The following letter was sent by Dr. Christina Cameron to the City of Ottawa's Planning Committee, the Mayor and all Councillors in advance of Planning Committee's meeting of June 13.
June 8, 2019
City of Ottawa
Subject: Proposed addition (fifth iteration) to the Chateau Laurier
I would like to thank the members of the Planning Committee for the opportunity to present my views on the important matter of the proposed addition to the Chateau Laurier.
My views have been shaped through fifty years’ experience in the field of heritage conservation as Director General of National Historic Sites at Parks Canada and more recently as the Canada Research Chair in Built Heritage at the University of Montreal. I led the Canadian delegation to UNESCO’s World Heritage Committee from 1990 to 2008 and was elected twice as its Chairperson.
Many concerned citizens and organizations have made a convincing case that the proposed addition to the Chateau Laurier does not meet Standard 11 in the Standards and Guidelines for the Conservation of Historic Places in Canada which requires a new addition to be compatible with, subordinate to and distinguishable from the historic place. While the proposed addition to the Chateau Laurier is obviously distinguishable from the original, the design is not compatible with nor subordinate to the historic building and its setting.
My intervention is focused specifically on the protection of important views. I refer to the illustration by the proponent that shows the new addition from the Rideau Canal. The proposed addition is situated in a significant cultural landscape in the heart of Canada’s national capital. This landscape, nationally known and recognized as a part of our national identity, includes the Chateau Laurier, a National Historic site of Canada, Major’s Hill Park, the Rideau Canal World Heritage site and the broader context of the Parliamentary Precinct. The proposed addition blocks views to and from the historic Chateau Laurier and obscures -- rather than enhances -- the relationship between the park and historic building. As seen from the canal, it also blocks the north façade of the hotel and diminishes -- rather than complements -- the picturesque historic hotel.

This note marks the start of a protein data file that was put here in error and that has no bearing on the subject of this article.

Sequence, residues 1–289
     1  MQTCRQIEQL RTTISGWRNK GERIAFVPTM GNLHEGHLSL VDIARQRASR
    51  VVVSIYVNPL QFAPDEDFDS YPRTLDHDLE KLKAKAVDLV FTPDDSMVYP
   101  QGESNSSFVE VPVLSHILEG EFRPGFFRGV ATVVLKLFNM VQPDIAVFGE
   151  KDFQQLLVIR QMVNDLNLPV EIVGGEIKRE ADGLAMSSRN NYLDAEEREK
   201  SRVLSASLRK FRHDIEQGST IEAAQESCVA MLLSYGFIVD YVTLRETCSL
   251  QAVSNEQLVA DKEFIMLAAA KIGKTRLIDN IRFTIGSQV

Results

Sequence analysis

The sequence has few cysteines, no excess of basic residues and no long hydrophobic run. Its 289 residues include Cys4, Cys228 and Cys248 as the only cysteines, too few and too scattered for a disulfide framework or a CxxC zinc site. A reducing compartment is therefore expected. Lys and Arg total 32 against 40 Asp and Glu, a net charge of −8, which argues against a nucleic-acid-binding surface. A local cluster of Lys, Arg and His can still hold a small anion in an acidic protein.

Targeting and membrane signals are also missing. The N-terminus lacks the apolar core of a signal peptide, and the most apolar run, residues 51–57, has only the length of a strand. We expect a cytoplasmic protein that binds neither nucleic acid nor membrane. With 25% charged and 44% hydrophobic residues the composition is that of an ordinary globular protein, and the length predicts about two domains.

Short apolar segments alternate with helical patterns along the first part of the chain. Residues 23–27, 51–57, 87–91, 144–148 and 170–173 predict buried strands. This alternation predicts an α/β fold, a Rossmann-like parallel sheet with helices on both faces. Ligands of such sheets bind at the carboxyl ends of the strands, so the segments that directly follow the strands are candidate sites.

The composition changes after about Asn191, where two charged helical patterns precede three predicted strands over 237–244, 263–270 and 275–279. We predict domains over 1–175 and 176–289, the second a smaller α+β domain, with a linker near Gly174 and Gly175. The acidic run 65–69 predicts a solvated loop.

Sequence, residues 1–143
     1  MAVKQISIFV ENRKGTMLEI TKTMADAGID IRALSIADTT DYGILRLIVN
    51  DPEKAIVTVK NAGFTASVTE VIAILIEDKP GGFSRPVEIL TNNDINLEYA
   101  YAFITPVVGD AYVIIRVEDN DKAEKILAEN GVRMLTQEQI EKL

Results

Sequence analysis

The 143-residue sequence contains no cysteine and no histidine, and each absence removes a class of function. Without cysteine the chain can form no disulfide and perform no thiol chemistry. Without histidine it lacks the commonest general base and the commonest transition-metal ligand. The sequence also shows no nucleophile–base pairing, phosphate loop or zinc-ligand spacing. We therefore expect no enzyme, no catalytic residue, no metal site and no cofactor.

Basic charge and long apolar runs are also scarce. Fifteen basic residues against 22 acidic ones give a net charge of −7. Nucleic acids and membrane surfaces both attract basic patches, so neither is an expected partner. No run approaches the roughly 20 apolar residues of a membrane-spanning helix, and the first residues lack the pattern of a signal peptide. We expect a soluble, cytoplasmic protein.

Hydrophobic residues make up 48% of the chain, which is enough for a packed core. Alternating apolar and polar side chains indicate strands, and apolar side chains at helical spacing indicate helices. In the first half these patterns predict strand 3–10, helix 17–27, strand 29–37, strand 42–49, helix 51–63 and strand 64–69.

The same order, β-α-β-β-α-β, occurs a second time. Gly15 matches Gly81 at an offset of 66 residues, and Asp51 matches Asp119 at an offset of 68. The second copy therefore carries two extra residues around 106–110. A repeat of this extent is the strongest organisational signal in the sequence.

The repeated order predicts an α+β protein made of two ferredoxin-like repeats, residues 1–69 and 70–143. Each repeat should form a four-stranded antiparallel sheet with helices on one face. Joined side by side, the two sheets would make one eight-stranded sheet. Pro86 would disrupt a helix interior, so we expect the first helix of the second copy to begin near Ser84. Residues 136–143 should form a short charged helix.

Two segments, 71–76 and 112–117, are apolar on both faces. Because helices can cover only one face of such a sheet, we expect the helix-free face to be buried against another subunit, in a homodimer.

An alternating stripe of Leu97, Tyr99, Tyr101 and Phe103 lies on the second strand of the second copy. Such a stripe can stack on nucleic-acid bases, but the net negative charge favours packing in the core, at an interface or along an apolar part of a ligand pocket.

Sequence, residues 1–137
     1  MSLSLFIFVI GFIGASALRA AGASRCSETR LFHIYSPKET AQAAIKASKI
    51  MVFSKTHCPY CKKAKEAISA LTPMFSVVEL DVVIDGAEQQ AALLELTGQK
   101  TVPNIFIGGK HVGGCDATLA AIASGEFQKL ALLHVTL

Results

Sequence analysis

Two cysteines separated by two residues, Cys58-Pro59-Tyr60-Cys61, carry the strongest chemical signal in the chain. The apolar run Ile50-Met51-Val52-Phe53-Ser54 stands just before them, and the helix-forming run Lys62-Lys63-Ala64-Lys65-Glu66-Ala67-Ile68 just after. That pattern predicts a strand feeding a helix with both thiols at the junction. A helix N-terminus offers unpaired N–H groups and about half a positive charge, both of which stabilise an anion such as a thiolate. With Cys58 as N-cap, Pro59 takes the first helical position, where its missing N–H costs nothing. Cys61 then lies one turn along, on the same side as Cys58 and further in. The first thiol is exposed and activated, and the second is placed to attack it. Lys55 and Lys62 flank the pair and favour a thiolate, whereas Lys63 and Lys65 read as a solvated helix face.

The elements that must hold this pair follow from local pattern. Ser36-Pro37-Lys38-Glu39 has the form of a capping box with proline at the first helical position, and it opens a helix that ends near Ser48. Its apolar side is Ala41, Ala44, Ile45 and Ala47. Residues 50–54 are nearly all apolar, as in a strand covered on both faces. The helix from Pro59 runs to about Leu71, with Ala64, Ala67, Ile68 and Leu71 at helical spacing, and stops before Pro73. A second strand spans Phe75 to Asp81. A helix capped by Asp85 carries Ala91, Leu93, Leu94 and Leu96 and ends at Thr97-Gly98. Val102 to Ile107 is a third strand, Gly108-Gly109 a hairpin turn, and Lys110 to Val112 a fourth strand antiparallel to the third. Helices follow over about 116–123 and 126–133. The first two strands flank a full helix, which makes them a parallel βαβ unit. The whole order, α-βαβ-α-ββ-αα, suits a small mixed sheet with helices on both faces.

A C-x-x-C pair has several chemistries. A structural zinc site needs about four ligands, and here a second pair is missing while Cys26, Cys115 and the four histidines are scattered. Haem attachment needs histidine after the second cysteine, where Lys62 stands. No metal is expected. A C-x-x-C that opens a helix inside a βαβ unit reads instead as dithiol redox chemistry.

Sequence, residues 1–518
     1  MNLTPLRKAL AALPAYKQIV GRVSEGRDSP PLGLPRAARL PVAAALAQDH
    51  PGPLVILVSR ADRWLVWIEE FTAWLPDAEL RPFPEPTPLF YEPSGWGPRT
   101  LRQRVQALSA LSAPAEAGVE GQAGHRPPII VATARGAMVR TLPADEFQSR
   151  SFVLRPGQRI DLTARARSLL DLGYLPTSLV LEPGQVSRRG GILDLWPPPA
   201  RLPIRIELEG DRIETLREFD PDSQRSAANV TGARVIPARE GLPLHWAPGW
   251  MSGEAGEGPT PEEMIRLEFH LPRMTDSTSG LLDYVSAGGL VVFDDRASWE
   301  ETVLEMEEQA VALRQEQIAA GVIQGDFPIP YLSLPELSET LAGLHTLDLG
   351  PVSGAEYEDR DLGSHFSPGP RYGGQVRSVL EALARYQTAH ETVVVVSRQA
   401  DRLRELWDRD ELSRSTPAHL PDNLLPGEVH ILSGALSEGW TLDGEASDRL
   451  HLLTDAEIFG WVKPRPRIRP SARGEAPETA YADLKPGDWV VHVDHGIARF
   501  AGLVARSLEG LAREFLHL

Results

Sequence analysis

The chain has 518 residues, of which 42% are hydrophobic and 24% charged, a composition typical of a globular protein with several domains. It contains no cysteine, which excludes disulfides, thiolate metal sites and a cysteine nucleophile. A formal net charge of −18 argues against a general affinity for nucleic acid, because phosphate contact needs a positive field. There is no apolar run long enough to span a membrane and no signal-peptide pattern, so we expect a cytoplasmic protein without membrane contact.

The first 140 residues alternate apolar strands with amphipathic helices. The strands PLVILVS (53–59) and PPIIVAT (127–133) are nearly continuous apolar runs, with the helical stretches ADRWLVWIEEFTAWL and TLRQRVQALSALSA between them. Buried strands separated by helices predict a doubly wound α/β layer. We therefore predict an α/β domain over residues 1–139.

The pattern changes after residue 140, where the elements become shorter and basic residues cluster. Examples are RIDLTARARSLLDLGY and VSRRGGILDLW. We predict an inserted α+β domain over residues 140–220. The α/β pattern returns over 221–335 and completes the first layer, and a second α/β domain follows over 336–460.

When the Rideau Canal was designated as a World Heritage Site in 2007, UNESCO’s World Heritage Committee and its technical advisory body, the International Council on Monuments and Sites (ICOMOS), raised concerns about the narrow buffer zone along the canal that did not protect the wider setting. While ICOMOS agreed that the boundaries of the nominated property were adequate to protect the structure of the canal itself, the advisory body called for clearer definition of the visual setting beyond the buffer zone of the canal and appropriate measures to ensure the protection of important views. In its response to the World Heritage Committee, Parks Canada acknowledged the importance of protecting the Rideau Canal’s scenic vistas. The agency made a commitment to study the visual setting along its length and to protect those areas which contribute to the quality and understanding of the canal in its setting.
This interest in protecting the visual setting of the Rideau Canal explains why Parks Canada and the National Capital Commission raised concerns in 2017 about a proposal for an apartment building behind Southminster United Church near the canal. Parks Canada, custodian of the Rideau Canal and the lead federal agency for World Heritage in Canada, recommended a reduction in height of the proposed apartment building so that it would be subordinate to the church building as viewed from the canal.
That the protection of views is an important international issue is demonstrated by decisions of the World Heritage Committee. Two examples make the point. In the first example, the Committee opposed the proposal for a tall building on the edge of St. Petersburg, a World Heritage site, leading eventually to the withdrawal of the project in that location by the President of the Russian Federation, Vladimir Putin. In the second example, the Committee opposed the construction of a major bridge in the Elbe Valley World Heritage site at Dresden. In this instance, the German government refused to withdraw the project and the Committee de-listed the site from UNESCO’s World Heritage List because the new bridge irrevocably damaged the Outstanding Universal Value of the Elbe Valley landscape.
I urge the Planning Committee to reject the fifth iteration of the Chateau Laurier addition in its entirety. I would also encourage the proponent, Larco Investments, to withdraw the current proposal because of its negative impact on the setting and its lack of community support. I am confident that a completely new design can be developed that respects the architecture, setting and viewscapes of this iconic cultural landscape. I urge Mayor Watson and the City Councillors to stand firm in demanding a project that will be valued by our own and future generations.
Christina Cameron C.M., Ph.D., FRSC
Canada Research Chair in Built Heritage (2005-2019)
University of Montréal
Mayor Jim Watson